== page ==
The Bros Are Sorry, So They Say
Sam Bankman-Fried perfected the poses, uniform and attitude of the bro, the boy-man who gets away with it. He sucked billions into his FTX cryptocurrency platform by convincing the public that he was touched with supersized genius at making fortunes. His claim to want the money for higher things than simply amassing luxury only burnished the legend.
Bankman-Fried has been likened to Bernie Madoff, who some years ago famously defrauded supposedly sophisticated investors. Both ran Ponzi schemes, whereby early investors were enriched with money collected from later suckers. Bankman-Fried appears to have also engaged in old-school embezzlement.
The public couldn't figure out how they manufactured the kind of wealth that most Wall Street professionals could only dream of. Their modest demeanor promoted the idea that they didn't have to advertise, leaving it to a wide-eyed press to do it for them.
Bankman-Fried took the imagery further by appearing in baggy cargo shorts, rumpled T-shirts and bird's nest hair. He conveyed the idea that "a life of the boundless mind was reflected in a life freed from petty concerns like clothing," fashion critic Vanessa Friedman wrote. Not for him "the physical cage of a suit and tie."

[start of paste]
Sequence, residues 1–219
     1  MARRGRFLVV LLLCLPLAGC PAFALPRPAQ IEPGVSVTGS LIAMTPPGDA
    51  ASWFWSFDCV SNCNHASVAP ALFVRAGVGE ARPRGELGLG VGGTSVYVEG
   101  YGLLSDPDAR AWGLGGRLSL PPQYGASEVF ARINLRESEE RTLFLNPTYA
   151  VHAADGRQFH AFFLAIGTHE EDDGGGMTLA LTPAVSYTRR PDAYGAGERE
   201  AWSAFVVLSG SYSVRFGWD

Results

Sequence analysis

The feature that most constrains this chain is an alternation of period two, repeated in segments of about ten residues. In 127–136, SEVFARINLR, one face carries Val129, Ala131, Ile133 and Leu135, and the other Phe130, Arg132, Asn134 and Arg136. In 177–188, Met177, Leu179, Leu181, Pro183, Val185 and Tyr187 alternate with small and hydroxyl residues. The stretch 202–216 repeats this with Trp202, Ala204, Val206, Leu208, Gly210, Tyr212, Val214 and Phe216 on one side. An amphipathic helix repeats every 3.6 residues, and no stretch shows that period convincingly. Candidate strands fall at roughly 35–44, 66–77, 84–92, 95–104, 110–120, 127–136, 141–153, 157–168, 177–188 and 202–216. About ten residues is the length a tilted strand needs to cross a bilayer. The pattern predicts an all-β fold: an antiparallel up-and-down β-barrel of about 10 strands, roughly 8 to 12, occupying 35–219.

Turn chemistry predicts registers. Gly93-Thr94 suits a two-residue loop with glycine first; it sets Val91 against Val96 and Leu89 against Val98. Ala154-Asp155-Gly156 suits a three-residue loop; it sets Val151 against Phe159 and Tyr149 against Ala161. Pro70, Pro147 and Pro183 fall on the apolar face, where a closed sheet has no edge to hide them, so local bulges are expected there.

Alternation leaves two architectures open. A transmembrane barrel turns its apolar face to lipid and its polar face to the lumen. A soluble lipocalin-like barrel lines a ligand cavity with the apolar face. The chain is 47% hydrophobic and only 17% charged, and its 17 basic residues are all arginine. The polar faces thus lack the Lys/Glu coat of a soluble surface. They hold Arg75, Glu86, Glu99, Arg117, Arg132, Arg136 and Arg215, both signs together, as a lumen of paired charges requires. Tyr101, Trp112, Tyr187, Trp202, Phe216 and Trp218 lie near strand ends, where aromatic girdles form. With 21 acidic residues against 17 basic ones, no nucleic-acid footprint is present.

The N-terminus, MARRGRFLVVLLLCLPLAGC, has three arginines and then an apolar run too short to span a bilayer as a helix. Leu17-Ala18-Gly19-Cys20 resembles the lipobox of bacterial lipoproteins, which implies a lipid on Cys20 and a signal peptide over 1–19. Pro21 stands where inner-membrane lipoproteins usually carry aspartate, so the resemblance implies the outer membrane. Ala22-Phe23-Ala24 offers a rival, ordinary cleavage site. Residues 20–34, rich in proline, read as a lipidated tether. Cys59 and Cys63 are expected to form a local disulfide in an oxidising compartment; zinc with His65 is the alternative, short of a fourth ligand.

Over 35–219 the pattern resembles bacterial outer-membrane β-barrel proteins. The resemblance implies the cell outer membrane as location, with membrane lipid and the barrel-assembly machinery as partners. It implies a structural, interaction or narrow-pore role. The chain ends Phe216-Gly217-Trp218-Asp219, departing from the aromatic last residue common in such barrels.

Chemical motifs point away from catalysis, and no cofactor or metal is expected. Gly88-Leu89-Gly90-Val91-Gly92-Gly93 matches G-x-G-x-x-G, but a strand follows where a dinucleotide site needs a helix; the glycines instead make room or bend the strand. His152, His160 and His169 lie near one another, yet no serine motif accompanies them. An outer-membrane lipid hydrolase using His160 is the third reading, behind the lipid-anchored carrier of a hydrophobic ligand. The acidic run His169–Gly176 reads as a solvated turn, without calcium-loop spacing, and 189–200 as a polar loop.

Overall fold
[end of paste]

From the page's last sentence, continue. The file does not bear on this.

A red flag that many Bankman-Fried admirers overlooked was his decision to incorporate FTX in the Bahamas, where there is scant regulatory oversight.
"It's the ultimate billionaire white boy tech flex," marketing professor Scott Galloway said. "I'm so above convention. I'm so special I am not subject to the same rules."
One doubts that a Black man in scraggly hair and shabby shorts would succeed in getting the investing public to hand over sacks of money. Nor would a modestly dressed woman have succeeded, though Elizabeth Holmes got pretty far.
Holmes did manage to invoke unmerited confidence in her secretive blood testing invention. And she traded the tailored corporate uniform for the black turtleneck trademarked by the visionary Steve Jobs. She was at a disadvantage, however, in making extravagant claims for a physical thing, whose utility could be easily debunked. Bankman-Fried was basically marketing zeros and ones in a decentralized database. His cover was complexity.
When caught in the net, the bros go into their boyish shrug and frame their misdeeds as a these-things-happen excuse. They like to say, "I'm sor-ree," as though they had accidentally stepped on the teacher's foot.
Bankman-Fried tweeted, "I'm sorry. That's the biggest thing."
Copyright 2023 Creators Syndicate, Inc.